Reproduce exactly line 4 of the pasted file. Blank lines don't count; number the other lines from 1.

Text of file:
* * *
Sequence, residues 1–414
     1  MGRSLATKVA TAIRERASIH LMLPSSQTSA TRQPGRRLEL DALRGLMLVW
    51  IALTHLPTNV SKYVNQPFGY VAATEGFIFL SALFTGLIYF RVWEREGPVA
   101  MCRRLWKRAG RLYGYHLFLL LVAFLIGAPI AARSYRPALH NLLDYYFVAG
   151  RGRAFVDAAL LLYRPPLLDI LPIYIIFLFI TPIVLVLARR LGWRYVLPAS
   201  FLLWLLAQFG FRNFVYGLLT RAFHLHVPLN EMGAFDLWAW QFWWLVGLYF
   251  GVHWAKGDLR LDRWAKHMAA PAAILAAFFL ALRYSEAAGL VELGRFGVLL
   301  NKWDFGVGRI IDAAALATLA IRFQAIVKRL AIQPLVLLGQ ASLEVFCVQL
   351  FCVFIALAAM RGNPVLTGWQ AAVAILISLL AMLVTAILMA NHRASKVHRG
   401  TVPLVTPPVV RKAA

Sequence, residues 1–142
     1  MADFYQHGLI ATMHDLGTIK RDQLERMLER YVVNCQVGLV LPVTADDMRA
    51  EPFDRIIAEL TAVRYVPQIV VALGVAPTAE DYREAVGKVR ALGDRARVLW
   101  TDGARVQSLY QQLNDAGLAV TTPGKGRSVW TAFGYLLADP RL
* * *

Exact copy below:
   101  MCRRLWKRAG RLYGYHLFLL LVAFLIGAPI AARSYRPALH NLLDYYFVAG